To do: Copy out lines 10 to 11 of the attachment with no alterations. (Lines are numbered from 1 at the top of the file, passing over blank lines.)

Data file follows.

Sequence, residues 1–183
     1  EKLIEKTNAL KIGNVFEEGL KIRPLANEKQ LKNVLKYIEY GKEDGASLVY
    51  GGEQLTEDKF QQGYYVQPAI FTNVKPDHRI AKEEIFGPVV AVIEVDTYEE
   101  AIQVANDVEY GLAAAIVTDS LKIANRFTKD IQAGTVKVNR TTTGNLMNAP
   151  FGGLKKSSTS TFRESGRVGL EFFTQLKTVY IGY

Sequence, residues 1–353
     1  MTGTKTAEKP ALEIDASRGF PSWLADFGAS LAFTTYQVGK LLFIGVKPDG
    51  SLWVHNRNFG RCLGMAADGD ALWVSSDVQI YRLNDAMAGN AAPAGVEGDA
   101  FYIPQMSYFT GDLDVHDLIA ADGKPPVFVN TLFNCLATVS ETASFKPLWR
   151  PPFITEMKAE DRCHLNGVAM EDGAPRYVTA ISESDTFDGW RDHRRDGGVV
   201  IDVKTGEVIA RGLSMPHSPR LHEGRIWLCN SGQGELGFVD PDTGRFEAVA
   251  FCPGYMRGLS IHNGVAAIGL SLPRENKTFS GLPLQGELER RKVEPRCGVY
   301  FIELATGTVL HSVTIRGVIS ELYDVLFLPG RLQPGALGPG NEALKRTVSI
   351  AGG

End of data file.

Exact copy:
   151  PPFITEMKAE DRCHLNGVAM EDGAPRYVTA ISESDTFDGW RDHRRDGGVV
   201  IDVKTGEVIA RGLSMPHSPR LHEGRIWLCN SGQGELGFVD PDTGRFEAVA